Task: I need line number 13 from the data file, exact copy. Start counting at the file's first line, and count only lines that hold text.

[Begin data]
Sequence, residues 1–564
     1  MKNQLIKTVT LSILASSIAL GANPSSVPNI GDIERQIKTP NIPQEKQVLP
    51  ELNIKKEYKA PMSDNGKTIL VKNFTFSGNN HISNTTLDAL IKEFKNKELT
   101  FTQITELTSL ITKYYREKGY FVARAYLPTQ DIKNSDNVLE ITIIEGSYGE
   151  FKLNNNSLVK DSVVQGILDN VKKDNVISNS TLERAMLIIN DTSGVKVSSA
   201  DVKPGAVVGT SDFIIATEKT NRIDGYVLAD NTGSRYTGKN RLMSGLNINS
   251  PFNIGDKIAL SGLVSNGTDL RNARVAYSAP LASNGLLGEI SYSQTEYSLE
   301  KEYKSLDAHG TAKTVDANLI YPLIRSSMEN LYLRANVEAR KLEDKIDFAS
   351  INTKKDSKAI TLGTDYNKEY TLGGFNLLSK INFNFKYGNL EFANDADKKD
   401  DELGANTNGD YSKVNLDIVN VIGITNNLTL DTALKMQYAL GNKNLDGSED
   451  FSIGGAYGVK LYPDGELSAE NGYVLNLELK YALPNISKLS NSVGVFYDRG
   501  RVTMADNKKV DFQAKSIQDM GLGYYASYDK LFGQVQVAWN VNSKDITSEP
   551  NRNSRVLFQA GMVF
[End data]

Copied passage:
   551  NRNSRVLFQA GMVF